UK confirms selling cluster bombs to Saudi Arabia
The United Kingdom admits having exported 500 cluster bombs to Saudi Arabia in the 1980s which are currently used in war against Yemeni nation, official report has shown.
Publish date : Wednesday 11 January 2017 13:27
“The UK delivered 500 BL755 cluster munitions under a government-to-government agreement signed in 1986. The final delivery was made in 1989,” reads a letter by Defense Secretary Michael Fallon to Conservative MP Philip Hollobone.
In December, Fallon said that a “limited number” of British cluster munitions were being used by Saudi-led forces in Yemen. In the same month, Saudi Arabia itself admitted to using the British weapons against its southern neighbor.
Even though Riyadh has told the British government that it would no longer use the weapons, it has not yet confirmed that they were destroyed, Foreign Office Minister Tobias Ellwood told the House of Commons on Tuesday.
“The fact so many British-made cluster bombs were sold and are now being used in Yemen is a stain on the UK's reputation worldwide,” said Liberal Democrat shadow Foreign Secretary Tom Brake.
“Michael Fallon has an urgent responsibility to address this shameful legacy, by suspending arms sales to the Saudi regime and putting pressure on it to stop using these horrific weapons.”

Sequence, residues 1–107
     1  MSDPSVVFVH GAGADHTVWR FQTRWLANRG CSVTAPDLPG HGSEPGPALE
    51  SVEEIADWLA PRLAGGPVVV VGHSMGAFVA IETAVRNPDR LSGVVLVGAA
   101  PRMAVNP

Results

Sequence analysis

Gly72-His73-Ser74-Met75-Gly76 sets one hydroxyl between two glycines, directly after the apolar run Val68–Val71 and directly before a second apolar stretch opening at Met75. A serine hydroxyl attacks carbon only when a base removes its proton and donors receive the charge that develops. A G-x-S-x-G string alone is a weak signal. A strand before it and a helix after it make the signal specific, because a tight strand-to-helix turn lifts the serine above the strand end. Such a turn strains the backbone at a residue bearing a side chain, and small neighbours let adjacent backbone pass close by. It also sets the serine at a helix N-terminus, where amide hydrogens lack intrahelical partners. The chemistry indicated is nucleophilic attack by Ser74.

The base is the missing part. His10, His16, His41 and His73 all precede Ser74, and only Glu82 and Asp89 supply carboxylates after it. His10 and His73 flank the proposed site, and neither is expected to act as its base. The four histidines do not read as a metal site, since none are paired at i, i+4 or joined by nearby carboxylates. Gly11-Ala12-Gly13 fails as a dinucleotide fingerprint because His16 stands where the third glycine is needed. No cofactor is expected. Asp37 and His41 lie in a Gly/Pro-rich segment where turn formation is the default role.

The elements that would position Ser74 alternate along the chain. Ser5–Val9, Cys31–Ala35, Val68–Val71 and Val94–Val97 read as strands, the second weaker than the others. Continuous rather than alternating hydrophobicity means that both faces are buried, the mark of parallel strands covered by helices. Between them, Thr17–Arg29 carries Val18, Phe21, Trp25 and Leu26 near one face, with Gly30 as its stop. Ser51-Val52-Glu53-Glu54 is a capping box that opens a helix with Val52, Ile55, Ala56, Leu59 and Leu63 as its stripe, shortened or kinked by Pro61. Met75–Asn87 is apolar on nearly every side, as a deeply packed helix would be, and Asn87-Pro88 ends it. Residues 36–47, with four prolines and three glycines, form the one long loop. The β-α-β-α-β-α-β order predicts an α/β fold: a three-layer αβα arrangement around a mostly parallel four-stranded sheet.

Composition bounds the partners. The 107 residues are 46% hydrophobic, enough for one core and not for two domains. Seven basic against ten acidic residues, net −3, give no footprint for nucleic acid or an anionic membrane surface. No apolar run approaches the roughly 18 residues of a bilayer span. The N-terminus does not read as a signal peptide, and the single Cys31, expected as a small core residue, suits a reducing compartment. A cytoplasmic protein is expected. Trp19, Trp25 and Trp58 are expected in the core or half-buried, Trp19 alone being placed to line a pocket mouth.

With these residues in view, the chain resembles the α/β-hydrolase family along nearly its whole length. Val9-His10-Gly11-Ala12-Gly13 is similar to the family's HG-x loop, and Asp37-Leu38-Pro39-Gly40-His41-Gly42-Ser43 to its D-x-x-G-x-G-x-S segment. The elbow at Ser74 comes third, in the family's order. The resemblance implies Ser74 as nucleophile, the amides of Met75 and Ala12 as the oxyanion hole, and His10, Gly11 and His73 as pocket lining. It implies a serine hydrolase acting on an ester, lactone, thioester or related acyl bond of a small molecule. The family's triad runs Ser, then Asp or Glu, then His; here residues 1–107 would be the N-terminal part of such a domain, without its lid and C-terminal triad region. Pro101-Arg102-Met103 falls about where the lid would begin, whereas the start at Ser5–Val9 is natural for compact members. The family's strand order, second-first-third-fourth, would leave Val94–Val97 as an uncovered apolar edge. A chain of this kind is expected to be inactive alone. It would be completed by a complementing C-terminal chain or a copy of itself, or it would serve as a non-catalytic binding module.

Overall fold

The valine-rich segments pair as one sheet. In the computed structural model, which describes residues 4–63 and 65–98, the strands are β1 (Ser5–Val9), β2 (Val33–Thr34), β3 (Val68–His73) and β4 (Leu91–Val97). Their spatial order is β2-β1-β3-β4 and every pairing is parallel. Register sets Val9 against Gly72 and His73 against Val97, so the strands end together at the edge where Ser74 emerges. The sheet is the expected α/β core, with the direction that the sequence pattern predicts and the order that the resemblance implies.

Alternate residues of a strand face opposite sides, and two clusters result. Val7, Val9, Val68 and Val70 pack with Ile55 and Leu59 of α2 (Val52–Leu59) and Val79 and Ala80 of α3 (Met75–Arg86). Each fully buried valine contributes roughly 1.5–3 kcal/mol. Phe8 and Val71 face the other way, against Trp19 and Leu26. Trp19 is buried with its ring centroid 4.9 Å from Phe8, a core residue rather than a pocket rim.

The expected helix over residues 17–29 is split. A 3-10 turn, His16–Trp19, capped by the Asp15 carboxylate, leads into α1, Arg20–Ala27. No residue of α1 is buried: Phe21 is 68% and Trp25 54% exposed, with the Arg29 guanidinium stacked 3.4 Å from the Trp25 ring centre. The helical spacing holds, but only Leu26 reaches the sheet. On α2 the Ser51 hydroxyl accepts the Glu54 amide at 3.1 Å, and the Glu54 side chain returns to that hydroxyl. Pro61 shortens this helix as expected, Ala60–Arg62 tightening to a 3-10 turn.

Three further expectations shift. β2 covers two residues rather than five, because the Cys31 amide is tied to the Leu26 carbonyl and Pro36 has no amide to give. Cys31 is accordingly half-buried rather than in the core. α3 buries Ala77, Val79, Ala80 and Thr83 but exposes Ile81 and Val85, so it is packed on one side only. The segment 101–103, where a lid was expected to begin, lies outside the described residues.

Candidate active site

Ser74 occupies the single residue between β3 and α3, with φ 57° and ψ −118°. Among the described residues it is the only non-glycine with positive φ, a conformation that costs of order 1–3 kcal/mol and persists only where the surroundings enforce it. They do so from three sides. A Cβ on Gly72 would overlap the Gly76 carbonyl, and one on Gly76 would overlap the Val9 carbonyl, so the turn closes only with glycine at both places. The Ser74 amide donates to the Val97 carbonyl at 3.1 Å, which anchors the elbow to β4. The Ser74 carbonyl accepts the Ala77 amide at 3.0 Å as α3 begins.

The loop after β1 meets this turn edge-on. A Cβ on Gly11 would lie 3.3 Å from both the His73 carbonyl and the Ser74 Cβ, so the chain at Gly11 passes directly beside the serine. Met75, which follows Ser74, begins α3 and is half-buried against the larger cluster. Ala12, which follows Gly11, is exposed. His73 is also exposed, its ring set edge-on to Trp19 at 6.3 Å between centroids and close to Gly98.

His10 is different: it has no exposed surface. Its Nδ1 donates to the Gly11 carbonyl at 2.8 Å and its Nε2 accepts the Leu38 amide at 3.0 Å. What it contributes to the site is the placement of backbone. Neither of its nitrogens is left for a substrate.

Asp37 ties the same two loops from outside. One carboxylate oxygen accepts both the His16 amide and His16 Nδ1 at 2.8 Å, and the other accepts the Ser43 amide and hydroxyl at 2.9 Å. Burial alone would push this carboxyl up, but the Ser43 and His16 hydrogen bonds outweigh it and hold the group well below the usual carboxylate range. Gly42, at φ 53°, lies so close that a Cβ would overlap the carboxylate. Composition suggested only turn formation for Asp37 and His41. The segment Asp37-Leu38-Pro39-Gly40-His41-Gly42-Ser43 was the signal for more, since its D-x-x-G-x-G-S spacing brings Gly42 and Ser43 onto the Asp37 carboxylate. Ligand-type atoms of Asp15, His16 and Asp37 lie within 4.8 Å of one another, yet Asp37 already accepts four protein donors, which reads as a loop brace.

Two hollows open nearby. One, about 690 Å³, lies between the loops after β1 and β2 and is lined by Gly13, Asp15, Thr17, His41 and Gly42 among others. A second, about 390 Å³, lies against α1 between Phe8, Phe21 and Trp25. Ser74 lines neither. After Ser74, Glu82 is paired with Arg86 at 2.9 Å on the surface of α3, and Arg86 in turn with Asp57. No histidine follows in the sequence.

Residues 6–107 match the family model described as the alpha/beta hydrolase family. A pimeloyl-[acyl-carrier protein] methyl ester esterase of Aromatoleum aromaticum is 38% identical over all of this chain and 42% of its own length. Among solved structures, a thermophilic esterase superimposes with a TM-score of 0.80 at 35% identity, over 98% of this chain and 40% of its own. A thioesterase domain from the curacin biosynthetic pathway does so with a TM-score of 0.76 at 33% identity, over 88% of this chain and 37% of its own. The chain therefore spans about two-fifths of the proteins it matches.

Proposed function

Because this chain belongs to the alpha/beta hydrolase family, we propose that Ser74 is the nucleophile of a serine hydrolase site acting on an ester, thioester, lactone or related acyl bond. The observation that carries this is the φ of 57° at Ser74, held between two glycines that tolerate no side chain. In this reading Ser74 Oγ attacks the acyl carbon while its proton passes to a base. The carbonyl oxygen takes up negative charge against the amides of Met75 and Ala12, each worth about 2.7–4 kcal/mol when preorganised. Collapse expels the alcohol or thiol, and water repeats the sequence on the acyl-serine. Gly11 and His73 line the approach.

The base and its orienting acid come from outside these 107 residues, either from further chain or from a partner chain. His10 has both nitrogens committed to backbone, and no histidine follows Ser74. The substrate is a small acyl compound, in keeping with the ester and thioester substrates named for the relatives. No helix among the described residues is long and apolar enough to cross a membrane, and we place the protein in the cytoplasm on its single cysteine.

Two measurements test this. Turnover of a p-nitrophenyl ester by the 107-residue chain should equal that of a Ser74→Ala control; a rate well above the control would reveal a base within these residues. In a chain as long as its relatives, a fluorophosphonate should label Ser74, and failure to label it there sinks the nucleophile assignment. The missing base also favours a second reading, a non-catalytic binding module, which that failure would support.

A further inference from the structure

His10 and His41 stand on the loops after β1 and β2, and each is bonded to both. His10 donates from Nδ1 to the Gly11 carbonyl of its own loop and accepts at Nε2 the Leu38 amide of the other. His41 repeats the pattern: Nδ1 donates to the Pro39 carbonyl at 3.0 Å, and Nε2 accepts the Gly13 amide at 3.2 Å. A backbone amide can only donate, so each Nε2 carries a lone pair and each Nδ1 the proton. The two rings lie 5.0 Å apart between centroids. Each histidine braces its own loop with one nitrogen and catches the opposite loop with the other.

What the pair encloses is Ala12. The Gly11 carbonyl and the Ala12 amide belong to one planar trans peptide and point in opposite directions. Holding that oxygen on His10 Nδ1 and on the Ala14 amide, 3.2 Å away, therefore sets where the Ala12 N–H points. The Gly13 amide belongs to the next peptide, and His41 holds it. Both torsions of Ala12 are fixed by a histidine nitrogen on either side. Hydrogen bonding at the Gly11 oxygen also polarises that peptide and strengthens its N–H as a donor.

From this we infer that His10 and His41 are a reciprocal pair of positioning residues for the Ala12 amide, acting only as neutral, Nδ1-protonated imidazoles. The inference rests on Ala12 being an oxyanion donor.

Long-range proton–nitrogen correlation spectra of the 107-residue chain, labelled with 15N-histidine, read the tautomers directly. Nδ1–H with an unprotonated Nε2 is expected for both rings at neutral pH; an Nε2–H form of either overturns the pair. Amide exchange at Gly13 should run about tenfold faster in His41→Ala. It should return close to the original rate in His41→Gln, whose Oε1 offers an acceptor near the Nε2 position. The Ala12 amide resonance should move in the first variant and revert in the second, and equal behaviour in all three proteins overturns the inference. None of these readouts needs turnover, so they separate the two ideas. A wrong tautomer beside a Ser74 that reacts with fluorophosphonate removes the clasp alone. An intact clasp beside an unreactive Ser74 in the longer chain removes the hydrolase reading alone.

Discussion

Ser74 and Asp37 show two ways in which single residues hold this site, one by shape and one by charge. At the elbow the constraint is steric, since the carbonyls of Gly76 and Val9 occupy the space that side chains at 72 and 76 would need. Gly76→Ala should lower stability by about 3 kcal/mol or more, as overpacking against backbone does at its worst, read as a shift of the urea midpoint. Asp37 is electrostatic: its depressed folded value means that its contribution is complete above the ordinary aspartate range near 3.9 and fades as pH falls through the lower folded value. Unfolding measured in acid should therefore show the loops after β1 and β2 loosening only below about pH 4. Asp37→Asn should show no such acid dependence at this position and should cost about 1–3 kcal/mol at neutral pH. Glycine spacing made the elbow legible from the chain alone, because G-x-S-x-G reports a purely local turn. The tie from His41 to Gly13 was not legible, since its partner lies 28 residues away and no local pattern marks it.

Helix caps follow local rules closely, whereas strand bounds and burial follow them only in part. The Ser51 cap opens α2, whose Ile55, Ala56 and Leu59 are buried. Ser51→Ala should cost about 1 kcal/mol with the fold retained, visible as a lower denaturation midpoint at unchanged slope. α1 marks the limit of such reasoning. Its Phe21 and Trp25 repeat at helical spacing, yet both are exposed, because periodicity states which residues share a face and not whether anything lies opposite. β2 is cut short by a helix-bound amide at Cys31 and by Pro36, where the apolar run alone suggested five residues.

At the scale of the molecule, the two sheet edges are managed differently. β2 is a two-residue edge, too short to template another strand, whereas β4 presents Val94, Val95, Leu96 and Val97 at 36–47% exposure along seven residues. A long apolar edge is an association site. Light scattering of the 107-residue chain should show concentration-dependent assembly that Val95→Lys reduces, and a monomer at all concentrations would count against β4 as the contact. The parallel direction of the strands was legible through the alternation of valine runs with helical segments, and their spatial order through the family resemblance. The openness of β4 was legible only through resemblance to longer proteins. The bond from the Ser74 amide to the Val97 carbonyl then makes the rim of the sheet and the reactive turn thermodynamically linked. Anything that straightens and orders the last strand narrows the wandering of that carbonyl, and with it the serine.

“Most people are rightly sickened by the bombing of innocent civilians in Yemen. Our Government must end its complicity in this brutal conflict immediately,” he added.
Massive British arms sales to Saudi Arabia have come under scrutiny for months due to the kingdom’s role in inflicting heavy civilian casualties through the kingdom's bombing campaign across Yemen.
Saudi Arabia's aggression against Yemen, which began in March 2015, has so far killed at least 11,400 Yemenis.
In November, the UK rejected calls by two parliamentary committees and human rights groups to stop selling arms to Saudi Arabia.
Amnesty International on Monday called for “an immediate suspension of all further weapons sales to Saudi Arabia.”
Amnesty has previously accused British Prime Minister Theresa May of being blasé about the issue, given the "clear risk that UK weapons could be used to commit breaches of international humanitarian law in Yemen."
London has been one of the biggest suppliers of weapons to Riyadh for 40 years. The British government has also been accused of being involved in guiding the Saudi military aggression in Yemen.